How to Cite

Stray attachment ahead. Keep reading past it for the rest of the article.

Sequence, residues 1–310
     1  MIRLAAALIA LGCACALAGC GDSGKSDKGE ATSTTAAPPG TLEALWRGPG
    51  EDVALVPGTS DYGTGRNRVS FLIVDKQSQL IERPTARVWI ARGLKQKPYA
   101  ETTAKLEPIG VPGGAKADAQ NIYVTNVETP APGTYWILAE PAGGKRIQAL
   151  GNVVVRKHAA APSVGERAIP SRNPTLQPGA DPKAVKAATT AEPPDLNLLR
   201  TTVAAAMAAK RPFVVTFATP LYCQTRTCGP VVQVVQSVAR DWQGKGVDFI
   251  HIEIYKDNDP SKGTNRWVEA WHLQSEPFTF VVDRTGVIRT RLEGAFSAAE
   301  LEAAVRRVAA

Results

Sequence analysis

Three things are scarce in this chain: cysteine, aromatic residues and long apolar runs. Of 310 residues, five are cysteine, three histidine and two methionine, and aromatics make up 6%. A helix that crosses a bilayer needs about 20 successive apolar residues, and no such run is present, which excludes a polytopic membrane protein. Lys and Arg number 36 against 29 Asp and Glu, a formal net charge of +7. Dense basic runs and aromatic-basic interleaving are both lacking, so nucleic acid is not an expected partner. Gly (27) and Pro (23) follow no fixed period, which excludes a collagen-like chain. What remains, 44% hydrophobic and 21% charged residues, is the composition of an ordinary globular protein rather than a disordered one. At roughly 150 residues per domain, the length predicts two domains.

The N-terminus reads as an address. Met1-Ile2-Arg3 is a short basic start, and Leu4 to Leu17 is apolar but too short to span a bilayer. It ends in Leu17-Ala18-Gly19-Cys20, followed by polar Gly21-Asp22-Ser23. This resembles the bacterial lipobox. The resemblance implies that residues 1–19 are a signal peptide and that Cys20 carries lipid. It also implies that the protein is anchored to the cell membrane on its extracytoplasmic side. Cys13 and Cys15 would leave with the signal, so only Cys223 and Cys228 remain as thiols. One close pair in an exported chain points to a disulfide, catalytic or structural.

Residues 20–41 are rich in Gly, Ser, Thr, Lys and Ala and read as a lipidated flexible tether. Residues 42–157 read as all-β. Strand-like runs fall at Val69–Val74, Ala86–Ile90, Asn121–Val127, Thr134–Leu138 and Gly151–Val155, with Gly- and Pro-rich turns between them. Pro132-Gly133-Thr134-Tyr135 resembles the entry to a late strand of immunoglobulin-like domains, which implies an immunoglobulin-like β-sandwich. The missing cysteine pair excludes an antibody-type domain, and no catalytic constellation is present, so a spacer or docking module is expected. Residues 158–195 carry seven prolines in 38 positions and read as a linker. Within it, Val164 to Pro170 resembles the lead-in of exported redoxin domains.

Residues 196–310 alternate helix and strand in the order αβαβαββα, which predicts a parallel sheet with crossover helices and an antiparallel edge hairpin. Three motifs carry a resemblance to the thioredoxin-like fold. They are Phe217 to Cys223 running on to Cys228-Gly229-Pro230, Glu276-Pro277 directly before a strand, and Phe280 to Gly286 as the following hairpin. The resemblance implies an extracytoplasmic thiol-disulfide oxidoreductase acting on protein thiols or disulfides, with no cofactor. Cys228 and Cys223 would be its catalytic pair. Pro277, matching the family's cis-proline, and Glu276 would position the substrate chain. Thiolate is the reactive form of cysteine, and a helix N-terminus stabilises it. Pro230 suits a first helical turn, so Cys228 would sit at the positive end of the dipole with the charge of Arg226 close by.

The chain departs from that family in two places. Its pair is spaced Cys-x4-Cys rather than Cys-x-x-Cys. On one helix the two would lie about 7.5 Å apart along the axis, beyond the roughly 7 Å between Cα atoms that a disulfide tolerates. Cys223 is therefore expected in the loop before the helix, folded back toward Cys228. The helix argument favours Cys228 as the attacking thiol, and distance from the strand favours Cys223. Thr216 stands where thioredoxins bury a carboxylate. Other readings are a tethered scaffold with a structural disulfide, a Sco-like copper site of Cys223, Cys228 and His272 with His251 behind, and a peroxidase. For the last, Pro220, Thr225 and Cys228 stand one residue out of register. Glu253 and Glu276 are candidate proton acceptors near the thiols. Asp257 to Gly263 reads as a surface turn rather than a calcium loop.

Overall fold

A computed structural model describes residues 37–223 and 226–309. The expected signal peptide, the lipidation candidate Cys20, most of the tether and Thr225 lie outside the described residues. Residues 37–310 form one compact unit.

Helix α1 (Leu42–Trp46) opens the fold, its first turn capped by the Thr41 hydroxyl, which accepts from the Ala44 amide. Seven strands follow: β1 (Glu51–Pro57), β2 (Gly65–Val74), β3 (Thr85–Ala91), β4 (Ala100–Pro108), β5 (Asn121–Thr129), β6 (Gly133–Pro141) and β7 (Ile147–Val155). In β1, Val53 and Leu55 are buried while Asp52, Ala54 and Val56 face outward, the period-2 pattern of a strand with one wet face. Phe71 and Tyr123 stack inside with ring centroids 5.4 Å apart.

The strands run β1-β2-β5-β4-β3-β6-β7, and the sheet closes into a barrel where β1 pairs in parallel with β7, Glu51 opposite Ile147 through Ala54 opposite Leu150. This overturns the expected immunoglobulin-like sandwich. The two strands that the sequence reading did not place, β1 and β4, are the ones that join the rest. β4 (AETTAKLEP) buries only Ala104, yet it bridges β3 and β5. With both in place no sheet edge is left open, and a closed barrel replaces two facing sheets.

Teilhard de Chardin, a Jesuit French paleontologist and geologist, was not a geographer either for education or profession. Yet he proved to do geography, even though unconsciously. The deepest geographical themes were always present inside him. They were the carpet of all his days and all his thoughts. He presents himself as the founder of a geographic kèrygma. That means he proposes for our world the spiritualization of the psychological and the historical sides. The Earth is formed by physical spheres in perpetual evolution to become nobler and nobler up to the spiritual one, that one of the thought (Noosphere). This one belongs to the man, the greatest terrestrial phenomenon. Teilhard in his travel vertigo observes the environment and the places where the man practices his historical and cultural role. There his future and his destiny are fulfilled. Each description Teilhard left us in his several travel letters highlights his ability to propose geographical syntheses. His compliance with the most recent trends of the discipline, such as perceptive, cultural and emotional geography, is surprising. But he is also close to the great geography of human geography founders, Carl Ritter in particular. That is testifies by him when he focuses on concepts such as evolution in spiritual and teleological sense and the principles of organic totality and spatial coordination.